This is a sponsored article and was made possible by Recovery Toolbox. The actual contents and opinions are the sole views of the author who maintains editorial independence even when a post is sponsored.
If there was a league table of professional file formats that home users don’t come across very often, then DWG would probably top that chart, or at least be in the top five. The CAD file format used by AutoCAD and other venerable old drafting software is old but solid. Latterly, it found use in the world of 3D graphics as an interchange format, allowing users to switch from one 3D graphics package to another, a job it shares with other old formats like 3DS and OBJ.
So DWG has a long history, and you know what that means – many old disks with DWG files, which you really don’t want to lose if you can help it. The first line of defence with damaged or unopenable DWG files is Recovery Toolbox for DWG.
Data Recovery Workhorse
Recovery Toolbox for DWG loads and analyses broken or corrupted DWG files and rewrites them to a fresh file in a form that can be opened and used. The AI within the software understands how the files are constructed and patches any gaps and rebuilds the file structure, saving it as a file that will allow you to examine and extract any useful data.
DWG are traditionally very large files with a lot of data crammed in them, so the process is usually not quick, although having a fast computer may help. Considering how much data it’s probably crunching through, I thought it nipped along pretty fast on the test data I fed it, especially with the online version of the tool. Better to do it well than quickly, though. It takes quite a while to process larger files, but I’d be inclined to go and make a cup of tea while it does its work anyway, as again, better to do it well than quickly.
Bringing DWG Back with Recovery Toolbox
Recovery Toolbox for DWG comes in two flavours: online and offline. The online tool invites you to upload your damaged DWG file into a web interface where the file will be analysed and repaired. The offline tool does a very similar job but uses a standalone desktop app, but we’ll get to that in a minute.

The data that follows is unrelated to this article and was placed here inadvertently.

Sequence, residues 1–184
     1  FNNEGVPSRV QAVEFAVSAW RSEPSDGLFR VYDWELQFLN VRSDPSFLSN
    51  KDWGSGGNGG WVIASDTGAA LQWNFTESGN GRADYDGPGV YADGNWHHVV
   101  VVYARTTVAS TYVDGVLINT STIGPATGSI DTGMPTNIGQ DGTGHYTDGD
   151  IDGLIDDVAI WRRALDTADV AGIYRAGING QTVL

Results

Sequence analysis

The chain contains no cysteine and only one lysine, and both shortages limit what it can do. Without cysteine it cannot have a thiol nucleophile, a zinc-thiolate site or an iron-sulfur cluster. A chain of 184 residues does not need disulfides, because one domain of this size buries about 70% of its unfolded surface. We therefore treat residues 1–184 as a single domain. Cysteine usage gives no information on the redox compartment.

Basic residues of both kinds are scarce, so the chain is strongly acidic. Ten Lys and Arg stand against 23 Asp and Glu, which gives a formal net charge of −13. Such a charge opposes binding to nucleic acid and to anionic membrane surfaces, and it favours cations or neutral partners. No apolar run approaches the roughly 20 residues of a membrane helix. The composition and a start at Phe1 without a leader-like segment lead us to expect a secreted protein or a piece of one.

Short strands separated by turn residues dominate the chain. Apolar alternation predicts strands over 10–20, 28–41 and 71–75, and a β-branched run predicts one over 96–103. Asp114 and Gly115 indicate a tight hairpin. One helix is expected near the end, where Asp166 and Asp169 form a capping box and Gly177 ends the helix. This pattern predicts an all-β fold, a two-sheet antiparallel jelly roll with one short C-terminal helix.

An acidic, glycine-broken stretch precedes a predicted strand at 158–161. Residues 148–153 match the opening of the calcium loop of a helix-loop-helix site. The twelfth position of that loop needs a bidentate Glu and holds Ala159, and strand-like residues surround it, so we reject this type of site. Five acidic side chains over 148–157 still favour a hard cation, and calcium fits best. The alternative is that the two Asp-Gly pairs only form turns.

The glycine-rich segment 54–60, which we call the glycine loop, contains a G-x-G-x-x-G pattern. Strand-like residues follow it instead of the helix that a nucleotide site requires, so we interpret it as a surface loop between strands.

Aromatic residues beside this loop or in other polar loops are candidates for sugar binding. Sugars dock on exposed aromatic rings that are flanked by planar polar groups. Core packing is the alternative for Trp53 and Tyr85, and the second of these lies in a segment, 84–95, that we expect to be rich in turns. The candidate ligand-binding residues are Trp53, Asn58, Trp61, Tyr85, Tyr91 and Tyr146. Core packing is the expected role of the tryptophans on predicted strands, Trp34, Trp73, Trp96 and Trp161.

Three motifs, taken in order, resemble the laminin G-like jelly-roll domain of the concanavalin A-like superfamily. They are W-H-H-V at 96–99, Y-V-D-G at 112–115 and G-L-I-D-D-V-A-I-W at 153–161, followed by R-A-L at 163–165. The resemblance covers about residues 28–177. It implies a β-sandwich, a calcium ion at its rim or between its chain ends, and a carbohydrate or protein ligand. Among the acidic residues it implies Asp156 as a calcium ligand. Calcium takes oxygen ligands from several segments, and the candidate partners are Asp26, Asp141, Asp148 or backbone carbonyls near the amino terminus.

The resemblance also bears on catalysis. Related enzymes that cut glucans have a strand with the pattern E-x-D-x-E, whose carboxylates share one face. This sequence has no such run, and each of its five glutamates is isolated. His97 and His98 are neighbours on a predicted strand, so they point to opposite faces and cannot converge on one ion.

To use the online tool, you must go to the Recovery Toolbox for DWG web page and upload your problematic DWG file.
Once you’ve identified it on your drive and uploaded it, you need to supply an email address and pass a Captcha (to verify you are human).
After the file is uploaded, analysis can begin.
Once the often lengthy process of analysis has completed, you are informed of the success or failure of the process and offered a preview of the file recovered to ensure it contains the data you require from the corrupted file.
If the process takes a long time, you can happily leave the file being chewed on by the software and go about your business, as you will get an email notifying you of the completion of the recovery.
Once you are happy with the recovered data, you can proceed to the download phase. The business model here is that if the file can be recovered, you pay $5 and can download it. If it fails, then you don’t owe them a cent. Considering the potential value of a DWG or CAD file, this is not extortionate at all.
The standalone downloadable app for Windows does the same repair, but you have to download and install the desktop app. In demo mode the software will show if your files can be recovered, but of course, to recover them fully you have to purchase a license.
To do so, simply load your file into the software.
Let the software analyse your corrupted file.
When it’s done, you get to save it as a new file or export it directly to AutoCAD (if you have it installed).
There are some small limitations to what the software can do, but these are minimal if you have up-to-date AutoCAD software. It can only recover files created using AutoCAD version 15 (or AutoCAD 2000) and higher and can only export data directly into AutoCAD 2000 or higher and not AutoCAD LT.
Recovery Toolbox for DWG is a sound investment if you do a lot of CAD professionally. Of course, it’s not something you will use every day, but if the files you make in AutoCAD are of any commercial value, I’d consider it worthwhile having a workable first aid solution in your back pocket in the event that any storage medium, hardware or power supply outage will corrupt your precious data.
As previously stated, repairing files with the online tool costs $5. Offline you can download and use Recovery Toolbox for DWG for free, but to complete processing of the file and save it, you have to purchase a license. A Personal License for noncommercial is $27, a Business License for use in commercial environments is $45 and a Site License for using it on several computers is $99. As a piece of professional data integrity insurance, I don’t consider this exorbitant pricing.
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